The average UK garden now estimated to be worth nearly £2,000, but Lloyds TSB has claimed that 12.5 million (44%) of homeowners are leaving their gardens unprotected, by being unsure about whether or not their items are covered or by having no insurance at all.
The Lloyds TSB Insurance Garden Values report has found that homeowners spent an average of £894 on outdoor furniture and decorations for their gardens in the past 12 months.
Tim Downes, senior claims manager, Lloyds TSB Insurance, said: “While many are now prioritising their outside spaces, it is a false economy to invest in luxury garden items without ensuring they are covered. As our gardens grow increasingly expensive, homeowners are realising that they no longer own just a few pounds worth of petunias, but hundreds of pounds worth of leisure items. Garden-proud homeowners should check their insurance policies to ensure their beloved outdoor luxuries are properly protected.”
The research found that one in 10 homeowners spends money on their garden as they can’t afford to move home, while a third said that spending a lot of time outside is the main reason for upgrading their outdoor spaces.
Although many homeowners are happy to spend money sprucing up their gardens, nearly one in six homeowners (14%) are put off investing in their outdoor space by fears of theft. Nearly 1.4 million thefts from gardens and outdoor spaces were recorded last year, illustrating a 17% increase over the last five years.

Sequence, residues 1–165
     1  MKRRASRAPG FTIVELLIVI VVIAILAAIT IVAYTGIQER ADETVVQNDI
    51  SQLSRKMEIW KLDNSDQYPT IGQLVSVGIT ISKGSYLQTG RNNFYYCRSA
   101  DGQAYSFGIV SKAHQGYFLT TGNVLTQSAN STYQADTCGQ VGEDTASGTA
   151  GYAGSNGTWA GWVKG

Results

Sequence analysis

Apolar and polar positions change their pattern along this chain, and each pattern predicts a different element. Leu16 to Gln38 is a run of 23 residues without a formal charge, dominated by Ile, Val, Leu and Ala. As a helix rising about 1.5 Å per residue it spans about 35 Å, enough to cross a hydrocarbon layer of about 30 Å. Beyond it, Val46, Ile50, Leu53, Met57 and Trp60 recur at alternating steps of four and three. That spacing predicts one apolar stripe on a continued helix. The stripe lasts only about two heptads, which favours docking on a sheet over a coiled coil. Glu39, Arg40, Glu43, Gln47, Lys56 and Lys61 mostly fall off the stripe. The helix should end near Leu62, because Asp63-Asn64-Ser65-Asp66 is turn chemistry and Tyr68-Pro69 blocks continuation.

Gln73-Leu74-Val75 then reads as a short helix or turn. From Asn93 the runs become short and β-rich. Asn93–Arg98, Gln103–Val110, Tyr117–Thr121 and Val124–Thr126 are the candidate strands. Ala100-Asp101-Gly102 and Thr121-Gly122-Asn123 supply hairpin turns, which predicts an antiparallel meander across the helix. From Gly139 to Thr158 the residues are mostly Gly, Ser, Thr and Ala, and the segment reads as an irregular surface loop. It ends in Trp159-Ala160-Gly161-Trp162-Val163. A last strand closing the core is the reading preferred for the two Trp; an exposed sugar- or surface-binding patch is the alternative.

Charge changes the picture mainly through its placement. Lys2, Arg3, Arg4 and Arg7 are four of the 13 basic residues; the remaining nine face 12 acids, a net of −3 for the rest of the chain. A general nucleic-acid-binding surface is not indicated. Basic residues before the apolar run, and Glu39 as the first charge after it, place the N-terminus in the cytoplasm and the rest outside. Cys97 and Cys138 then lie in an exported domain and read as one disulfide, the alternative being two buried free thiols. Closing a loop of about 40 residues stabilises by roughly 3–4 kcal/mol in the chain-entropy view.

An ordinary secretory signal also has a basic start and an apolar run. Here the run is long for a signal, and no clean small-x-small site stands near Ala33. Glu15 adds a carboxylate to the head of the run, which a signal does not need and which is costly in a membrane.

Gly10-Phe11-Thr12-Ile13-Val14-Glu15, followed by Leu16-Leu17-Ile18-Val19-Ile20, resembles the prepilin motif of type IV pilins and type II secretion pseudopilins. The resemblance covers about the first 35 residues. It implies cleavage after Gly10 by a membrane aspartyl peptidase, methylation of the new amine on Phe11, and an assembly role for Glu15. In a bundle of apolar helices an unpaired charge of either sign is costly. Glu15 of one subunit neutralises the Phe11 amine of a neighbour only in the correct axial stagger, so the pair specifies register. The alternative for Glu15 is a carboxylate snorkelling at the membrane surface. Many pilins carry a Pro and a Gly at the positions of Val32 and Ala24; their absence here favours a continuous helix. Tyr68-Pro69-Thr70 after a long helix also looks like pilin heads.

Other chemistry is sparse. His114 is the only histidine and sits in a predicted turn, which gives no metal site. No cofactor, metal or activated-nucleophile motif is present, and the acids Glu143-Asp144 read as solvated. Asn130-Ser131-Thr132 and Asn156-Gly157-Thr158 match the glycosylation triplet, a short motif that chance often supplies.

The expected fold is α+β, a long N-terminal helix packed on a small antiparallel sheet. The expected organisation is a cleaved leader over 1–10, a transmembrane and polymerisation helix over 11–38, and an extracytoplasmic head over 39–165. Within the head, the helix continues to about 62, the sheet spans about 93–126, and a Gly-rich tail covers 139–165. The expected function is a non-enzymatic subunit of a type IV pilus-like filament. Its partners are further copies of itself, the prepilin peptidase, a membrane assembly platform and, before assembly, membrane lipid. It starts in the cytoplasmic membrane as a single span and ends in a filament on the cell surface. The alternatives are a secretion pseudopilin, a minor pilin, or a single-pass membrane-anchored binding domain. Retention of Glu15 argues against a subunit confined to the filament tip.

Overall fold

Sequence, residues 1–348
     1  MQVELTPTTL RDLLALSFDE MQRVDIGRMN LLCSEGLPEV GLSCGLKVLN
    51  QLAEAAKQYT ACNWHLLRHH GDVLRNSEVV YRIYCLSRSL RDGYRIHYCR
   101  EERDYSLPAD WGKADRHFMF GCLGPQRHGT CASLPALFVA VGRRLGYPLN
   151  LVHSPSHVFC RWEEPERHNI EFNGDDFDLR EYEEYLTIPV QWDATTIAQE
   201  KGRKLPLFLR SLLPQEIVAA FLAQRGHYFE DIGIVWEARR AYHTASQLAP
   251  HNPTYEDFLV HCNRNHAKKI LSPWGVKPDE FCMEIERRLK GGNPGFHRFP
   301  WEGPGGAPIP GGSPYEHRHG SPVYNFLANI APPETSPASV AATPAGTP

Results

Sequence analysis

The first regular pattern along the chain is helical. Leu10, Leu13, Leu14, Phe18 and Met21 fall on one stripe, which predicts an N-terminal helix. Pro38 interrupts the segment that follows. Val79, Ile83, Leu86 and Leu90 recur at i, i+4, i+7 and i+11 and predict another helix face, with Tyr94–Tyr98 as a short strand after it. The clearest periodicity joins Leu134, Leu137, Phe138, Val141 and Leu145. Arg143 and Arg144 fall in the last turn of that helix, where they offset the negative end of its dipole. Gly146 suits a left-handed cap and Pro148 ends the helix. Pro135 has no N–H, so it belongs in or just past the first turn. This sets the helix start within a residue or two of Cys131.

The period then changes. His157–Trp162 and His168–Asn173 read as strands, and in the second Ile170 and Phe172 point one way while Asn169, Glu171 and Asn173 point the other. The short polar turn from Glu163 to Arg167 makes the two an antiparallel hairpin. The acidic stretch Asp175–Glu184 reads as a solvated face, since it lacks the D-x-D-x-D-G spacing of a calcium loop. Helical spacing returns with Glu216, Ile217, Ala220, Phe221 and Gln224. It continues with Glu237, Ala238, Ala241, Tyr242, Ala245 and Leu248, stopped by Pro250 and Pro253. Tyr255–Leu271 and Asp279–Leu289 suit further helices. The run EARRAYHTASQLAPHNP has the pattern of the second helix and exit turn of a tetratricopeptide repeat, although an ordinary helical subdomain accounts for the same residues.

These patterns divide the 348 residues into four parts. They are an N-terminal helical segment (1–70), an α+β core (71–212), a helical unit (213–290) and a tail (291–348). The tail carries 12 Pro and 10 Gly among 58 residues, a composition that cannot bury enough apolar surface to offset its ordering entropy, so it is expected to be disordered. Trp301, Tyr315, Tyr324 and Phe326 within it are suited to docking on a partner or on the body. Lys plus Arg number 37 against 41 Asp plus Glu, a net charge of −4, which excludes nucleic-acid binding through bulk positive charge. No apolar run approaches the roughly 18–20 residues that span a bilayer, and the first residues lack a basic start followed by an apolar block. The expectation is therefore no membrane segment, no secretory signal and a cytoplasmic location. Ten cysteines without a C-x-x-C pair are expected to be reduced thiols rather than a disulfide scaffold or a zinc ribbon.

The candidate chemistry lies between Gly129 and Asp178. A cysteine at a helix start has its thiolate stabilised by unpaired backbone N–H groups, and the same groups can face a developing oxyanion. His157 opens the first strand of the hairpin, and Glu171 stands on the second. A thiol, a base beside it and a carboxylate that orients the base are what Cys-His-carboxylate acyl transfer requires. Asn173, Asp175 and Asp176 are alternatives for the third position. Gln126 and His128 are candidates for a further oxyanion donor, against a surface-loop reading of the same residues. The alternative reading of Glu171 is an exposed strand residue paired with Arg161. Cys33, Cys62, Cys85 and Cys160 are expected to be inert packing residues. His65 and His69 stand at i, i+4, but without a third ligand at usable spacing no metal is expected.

The poll highlighted that 43% of UK homeowners admitted not having a secure lock for their gardens, leaving themselves exposed to opportunistic thieves.
Downes added: “We know that the majority of thefts from garden and sheds tend to be opportunistic, so it is concerning that so many homeowners are still leaving themselves exposed by investing in luxury garden furniture, but not adequate security.
“When it comes to protecting our properties, homeowners must remember that what is on the outside also counts and that taking some small steps could help prevent having to fork out to replace garden goods should the worst happen.”